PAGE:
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Collections: Investments or Fun?

Beverley Paine

It starts out small… Children love to pick up interesting things and you put them in your pocket, take them home, look them up and display them for a week or two. Sometimes the item is too interesting to throw away, or your child finds another one. You find a shoe box or container and suddenly your child has a collection! Nostalgic parents and grandparents often fuel children’s passions for collecting with their fond memories of their own childhood collections. They know from experience that collecting has educational advantages.
Collecting is a great hobby that engages children’s interests and develops many skills. Saving up and spending money builds maths skills as well as learning how to budget and manage money. Some items help to develop reading and vocabulary skills. The organisational skills necessary for managing a collection translate into other areas of life.

True collectors appear at around age 7 or 8 – that’s when children can organise their collections beyond a single attribute such as colour, size, shape or type, and begin to use hierarchical classifications. Old children recognise that things can be classified in many different ways and are more flexible in their thinking. Organising, sorting and classifying collections naturally build cognitive skills. It’s at this age a budding bibliophile will reorganize his books into alphabetical, or category, order, rather than by size of book. A rock collector may focus on location or crystal type, or both. Dating, labeling and protecting items within the collection begin to become important.

Not all children will become avid or accomplished collectors. Some will move on, leaving their simple collections on the shelf, easily letting go of the need to collect which may be replaced by a variety of hobbies. Most children, however, will at some stage succumb to a less positive aspect of collecting.

Driven by the need to socialize and be accepted within their peer group they feel compelled to purchase and collect items popularized by merchandizing giants capitalizing on best-selling books, movies or television shows. It’s ‘cool’ to collect the latest fad. On the whole, homeschooled children seem less infected with this competitive reason to collect, but it can be the cause of anxiety for cash-strapped parents or disharmony within homeschooling groups. What begins as a sharing, fun activity can quickly turn to a form of class division between the ‘haves’ and the ‘have-nots’ which, in turn, can give rise to disturbing anti-social behaviour, such as hoarding and stealing.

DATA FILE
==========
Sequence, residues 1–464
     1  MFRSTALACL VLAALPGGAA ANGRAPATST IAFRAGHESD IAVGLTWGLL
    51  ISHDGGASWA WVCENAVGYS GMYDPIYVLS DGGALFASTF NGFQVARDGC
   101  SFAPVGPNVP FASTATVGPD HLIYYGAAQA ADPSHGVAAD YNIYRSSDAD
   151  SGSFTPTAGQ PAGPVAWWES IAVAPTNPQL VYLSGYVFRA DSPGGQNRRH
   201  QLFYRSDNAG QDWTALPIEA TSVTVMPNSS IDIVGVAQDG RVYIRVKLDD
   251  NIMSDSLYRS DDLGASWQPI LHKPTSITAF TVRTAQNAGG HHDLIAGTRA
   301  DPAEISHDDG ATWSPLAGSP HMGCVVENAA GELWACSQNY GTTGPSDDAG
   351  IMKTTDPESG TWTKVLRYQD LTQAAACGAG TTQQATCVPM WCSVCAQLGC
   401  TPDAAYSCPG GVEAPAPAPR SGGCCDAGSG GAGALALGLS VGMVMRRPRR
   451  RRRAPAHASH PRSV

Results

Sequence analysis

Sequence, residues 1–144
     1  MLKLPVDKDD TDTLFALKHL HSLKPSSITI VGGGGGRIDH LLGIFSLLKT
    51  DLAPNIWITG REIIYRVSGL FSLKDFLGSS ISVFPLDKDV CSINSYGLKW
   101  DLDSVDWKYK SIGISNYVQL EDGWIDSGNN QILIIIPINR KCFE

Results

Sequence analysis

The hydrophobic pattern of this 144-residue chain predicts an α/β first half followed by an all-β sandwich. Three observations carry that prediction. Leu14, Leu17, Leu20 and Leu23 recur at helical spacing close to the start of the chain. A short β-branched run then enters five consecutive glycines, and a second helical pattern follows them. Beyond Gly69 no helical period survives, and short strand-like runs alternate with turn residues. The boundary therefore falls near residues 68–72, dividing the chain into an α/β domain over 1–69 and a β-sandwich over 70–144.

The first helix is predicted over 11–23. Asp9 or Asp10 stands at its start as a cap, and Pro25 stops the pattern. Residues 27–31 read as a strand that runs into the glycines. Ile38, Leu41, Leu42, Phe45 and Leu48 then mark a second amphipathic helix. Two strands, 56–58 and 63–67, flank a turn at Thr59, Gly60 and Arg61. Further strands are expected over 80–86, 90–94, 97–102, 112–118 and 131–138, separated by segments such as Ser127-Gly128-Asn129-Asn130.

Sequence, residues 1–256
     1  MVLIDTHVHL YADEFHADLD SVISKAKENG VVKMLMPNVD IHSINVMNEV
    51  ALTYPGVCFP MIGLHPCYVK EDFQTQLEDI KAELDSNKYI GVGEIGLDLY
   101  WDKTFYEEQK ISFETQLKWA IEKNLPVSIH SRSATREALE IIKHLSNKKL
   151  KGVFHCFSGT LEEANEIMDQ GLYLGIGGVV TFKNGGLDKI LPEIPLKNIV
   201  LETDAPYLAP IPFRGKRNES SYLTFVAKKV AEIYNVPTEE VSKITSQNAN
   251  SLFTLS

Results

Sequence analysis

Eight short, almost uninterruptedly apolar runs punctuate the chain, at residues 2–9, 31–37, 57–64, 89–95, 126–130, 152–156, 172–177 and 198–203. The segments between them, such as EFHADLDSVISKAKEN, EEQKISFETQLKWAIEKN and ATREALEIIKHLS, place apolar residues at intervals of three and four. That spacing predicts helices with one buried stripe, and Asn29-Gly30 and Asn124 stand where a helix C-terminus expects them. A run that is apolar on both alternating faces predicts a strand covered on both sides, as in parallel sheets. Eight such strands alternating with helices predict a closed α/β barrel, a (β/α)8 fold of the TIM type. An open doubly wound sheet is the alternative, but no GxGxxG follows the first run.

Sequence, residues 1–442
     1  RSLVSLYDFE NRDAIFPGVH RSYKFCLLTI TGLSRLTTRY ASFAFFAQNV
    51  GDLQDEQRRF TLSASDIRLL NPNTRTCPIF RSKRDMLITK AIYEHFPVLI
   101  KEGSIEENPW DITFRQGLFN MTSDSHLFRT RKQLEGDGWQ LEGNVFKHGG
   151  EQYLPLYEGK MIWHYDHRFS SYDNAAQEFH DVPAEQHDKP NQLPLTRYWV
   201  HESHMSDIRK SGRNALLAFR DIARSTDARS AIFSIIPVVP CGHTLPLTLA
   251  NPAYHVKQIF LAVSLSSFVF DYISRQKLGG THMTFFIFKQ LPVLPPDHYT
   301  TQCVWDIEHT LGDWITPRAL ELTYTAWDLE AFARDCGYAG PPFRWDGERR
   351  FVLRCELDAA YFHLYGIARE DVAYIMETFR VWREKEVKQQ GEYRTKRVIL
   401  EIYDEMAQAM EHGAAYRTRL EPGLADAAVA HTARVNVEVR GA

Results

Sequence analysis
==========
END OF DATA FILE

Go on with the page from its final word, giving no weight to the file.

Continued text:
Parents need to be involved, but not to the extent that they take over by searching for items instead of the children finding or buying them. It is difficult to teach children about economics and the value of working for things when it is always given to them. Children need to be shown how to balance their desire for collecting with the areas of their lives, particularly when it comes to managing their money. This might involve helping them to set limits.
The resale or swap value of collectibles can have positive and negative consequences. While it teaches children about investment, some children will become more concerned about the monetary value and less about the fun involved in building, organising and managing the collection. Parents may need to step in and talk about the child’s motivations. A budding investor will use this experience to build valuable skills she’ll need later in life. Another child may be doing it to take advantage of others, or to be accepted among her peers.

Most children aren’t interested in investment, but if the collection merits it, encourage them to collect good quality items and keep them in top condition. Items can be kept in boxes and packaging or it can be stored for when the investment will be realised. Recording information on how the item was collected or where it came from – its history – may increase its eventual value. Most children collect stamps, postcards or coins and all will increase in value if kept in good condition over time. Mass production of commercial fads means these items will rarely increase in value, even if they are released as ‘limited editions’.

The bottom line is that whether you are an adult or a child, it is best to collect what you are most interested in rather than on the speculation that it will one day make you rich.

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Beverley Paine with her children, and their home educated children, relaxing at home.

Together with the support of my family, my aim is to help parents educate their children in stress-free, nurturing environments. In addition to building and maintaing this website, I continue to create and manage local and national home educating networks, help to organise conferences and camps, as well as write for, edit and produce newsletters, resource directories and magazines. I am an active supporter of national, state, regional and local home education groups.

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We began educating our children in 1985, when our eldest was five. In truth, we had helped them learn what they need to learn since they were born. I am a passionate advocate of allowing children to learn unhindered by unnecessary stress and competition, meeting developmental needs in ways that suit their individual learning styles and preferences. Ours was a homeschooling, unschooling and natural learning family! There are hundreds of articles on this site to help you build confidence as a home educating family. We hope that your home educating adventure is as satisfying as ours was! Beverley Paine

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